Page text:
Fewer avoidable deaths suggest timely health care and disease prevention are having an impact
OTTAWA, May 24, 2012 /Canada NewsWire/ - The rate of deaths that could potentially be avoided through timely and effective health care and disease prevention dropped from 373 per 100,000 Canadians in 1979 to 185 per 100,000 Canadians in 2008. Health Indicators 2012, the most recent edition of the report produced annually by the Canadian Institute for Health Information (CIHI) and Statistics Canada, includes updates on more than 40 measures for Canadian regions, including a suite of new avoidable mortality indicators.
"When we look into pan-Canadian results for avoidable deaths," says Jeremy Veillard, Vice President, Research and Analysis, CIHI, "we can determine the respective impact of prevention efforts and of health care improvements."
The report reveals that the rate of deaths that could be avoided by preventing disease from developing or an injury from occurring has decreased by 47% over a 30-year period. The rate for Canadians went from 225 per 100,000 in 1979 to 119 per 100,000 in 2008.
Meanwhile, deaths that could have been avoided through timely and effective health care intervention were reduced by 56%. This rate went from 149 per 100,000 Canadians in 1979 to 66 per 100,000 in 2008.
The drop in avoidable deaths between 1979 and 2008 was mainly due to reductions in deaths related to circulatory diseases such as heart disease, which decreased by 72%. If death rates for these illnesses had remained unchanged for the 30-year period, the overall reduction in avoidable deaths would have been only 19%, based on gains related to other conditions, and not the observed 50%.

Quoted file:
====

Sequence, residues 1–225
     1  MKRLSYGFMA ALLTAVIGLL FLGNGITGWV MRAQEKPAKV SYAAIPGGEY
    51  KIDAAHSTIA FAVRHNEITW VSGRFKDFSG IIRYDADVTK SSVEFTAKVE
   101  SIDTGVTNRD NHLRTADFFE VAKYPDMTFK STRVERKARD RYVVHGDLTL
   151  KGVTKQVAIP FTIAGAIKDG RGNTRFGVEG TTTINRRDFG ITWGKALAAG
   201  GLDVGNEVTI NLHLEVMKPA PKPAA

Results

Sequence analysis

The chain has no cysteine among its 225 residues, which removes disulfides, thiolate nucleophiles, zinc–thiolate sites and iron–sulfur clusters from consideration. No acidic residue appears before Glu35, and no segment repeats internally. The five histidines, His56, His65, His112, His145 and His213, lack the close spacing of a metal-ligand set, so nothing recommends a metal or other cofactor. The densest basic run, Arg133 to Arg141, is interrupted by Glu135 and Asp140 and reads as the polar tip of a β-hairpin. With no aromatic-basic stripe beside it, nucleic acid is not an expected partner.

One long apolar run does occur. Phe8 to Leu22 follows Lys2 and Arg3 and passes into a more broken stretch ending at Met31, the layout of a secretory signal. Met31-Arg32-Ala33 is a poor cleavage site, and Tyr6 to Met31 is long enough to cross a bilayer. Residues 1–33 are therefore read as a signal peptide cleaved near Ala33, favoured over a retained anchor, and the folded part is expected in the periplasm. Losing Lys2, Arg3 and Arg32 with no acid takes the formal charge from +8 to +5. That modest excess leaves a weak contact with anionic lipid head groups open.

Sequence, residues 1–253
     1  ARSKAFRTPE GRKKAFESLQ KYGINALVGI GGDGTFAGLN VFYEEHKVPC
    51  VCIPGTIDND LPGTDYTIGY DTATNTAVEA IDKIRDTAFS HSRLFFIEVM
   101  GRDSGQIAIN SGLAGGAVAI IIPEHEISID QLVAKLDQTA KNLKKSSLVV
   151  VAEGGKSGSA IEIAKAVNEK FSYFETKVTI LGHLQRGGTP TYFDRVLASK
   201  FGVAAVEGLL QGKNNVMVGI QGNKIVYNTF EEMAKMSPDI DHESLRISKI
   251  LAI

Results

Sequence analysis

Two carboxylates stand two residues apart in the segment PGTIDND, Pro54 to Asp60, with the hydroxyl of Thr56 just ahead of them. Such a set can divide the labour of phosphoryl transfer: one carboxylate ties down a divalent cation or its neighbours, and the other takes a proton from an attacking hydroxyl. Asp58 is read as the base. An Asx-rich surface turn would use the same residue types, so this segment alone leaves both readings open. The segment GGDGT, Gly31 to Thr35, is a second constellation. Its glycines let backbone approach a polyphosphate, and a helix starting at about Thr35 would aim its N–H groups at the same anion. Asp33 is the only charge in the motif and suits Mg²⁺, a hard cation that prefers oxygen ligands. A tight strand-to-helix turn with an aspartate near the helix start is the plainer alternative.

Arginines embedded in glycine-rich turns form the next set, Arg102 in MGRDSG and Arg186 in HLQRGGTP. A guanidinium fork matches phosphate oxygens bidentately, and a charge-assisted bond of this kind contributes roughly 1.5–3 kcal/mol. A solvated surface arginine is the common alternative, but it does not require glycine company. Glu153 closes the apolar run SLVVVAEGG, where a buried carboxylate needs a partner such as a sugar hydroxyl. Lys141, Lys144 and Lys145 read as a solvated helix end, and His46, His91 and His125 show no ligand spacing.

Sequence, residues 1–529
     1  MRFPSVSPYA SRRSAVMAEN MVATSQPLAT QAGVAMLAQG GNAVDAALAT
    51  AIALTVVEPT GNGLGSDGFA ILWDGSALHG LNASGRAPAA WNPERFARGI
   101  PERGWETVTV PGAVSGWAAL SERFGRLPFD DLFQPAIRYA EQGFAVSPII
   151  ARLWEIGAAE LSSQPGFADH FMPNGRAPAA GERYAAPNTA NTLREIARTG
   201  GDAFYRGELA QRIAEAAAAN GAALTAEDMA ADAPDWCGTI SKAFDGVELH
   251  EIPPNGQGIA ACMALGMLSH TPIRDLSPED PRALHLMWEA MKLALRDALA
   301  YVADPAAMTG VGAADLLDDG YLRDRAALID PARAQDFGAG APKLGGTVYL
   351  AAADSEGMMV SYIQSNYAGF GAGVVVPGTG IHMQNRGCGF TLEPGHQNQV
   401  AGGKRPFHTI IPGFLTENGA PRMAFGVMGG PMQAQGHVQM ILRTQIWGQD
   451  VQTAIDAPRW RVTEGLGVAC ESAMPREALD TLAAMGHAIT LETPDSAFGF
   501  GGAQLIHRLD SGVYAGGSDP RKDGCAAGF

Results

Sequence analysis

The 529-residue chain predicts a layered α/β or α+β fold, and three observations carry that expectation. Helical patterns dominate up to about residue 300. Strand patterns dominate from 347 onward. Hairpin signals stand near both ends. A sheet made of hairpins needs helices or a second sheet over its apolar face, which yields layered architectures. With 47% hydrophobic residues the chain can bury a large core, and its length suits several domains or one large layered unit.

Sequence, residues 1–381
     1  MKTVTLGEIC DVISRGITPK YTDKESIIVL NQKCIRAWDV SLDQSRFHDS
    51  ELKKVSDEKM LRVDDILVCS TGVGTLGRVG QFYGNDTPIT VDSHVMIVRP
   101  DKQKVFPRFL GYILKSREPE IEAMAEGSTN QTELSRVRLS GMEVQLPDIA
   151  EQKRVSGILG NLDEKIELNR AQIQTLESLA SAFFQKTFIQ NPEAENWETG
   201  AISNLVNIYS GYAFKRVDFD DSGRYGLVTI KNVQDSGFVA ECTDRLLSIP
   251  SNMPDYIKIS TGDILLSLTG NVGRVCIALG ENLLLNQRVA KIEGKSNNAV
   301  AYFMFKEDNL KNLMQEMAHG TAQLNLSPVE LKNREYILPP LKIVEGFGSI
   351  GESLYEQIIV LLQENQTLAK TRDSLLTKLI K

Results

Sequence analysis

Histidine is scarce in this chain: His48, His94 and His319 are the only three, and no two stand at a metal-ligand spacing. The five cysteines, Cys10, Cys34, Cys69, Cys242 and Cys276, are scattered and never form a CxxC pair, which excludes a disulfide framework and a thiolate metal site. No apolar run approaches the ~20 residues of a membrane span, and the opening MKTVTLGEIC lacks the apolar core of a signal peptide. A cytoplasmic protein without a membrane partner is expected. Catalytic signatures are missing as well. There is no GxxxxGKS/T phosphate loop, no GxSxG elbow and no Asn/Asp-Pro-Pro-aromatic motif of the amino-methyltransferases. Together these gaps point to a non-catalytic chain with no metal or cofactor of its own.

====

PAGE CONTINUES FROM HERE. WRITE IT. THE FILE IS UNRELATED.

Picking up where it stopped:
"Declines in some areas of avoidable mortality, such as circulatory diseases, demonstrate that great results can be achieved through collaboration across the health care system and other sectors," says Veillard. "But, there is still work to be done."
Provincial and territorial variations were observed for both the rates and trends over time. While rates of avoidable deaths have declined in almost all jurisdictions, some experienced greater reductions than others. Moreover, provinces with lower avoidable death rates in 1979 were among those with the highest rates 30 years later. A relatively smaller reduction in deaths due to injuries was one of the key drivers of this finding.
According to Health Indicators 2012, Canada's rates of avoidable mortality are the third lowest (behind Japan and France) of the G7 countries. Learning from the best, nationally and internationally, may provide insights on the successful strategies for reducing untimely deaths and help to identify areas for more detailed investigation.
Avoidable death rates vary greatly based on sex and income
Between 1979 and 2008, rates of avoidable mortality among men dropped by more than half (55%), compared with a 43% reduction among women. Men have higher rates of avoidable deaths than women, even after substantial reductions over the past 30 years. Circulatory diseases continue to be the number one cause of avoidable deaths among men, whereas cancers (such as lung and breast cancer) are the main cause of avoidable deaths among women.
Rates of avoidable deaths varied significantly by socio-economic group (as measured by neighbourhood income quintile). For example, people living in the least affluent neighbourhoods were twice as likely to die from preventable causes as those in the most affluent neighbourhoods.
About Health Indicators
CIHI's Health Indicators annual report, produced in partnership with Statistics Canada, presents more than 40 comparable measures of health and health system performance by health region, province and territory. For the first time, this year's report features a section on avoidable mortality that serves to focus attention on the influence of the health system on population health. In addition, the report introduces a suite of new acute-care readmission indicators, which will facilitate comprehensive evaluation of readmissions for all patient groups.
The report and the following figures and table are available from CIHI's website, at www.cihi.ca.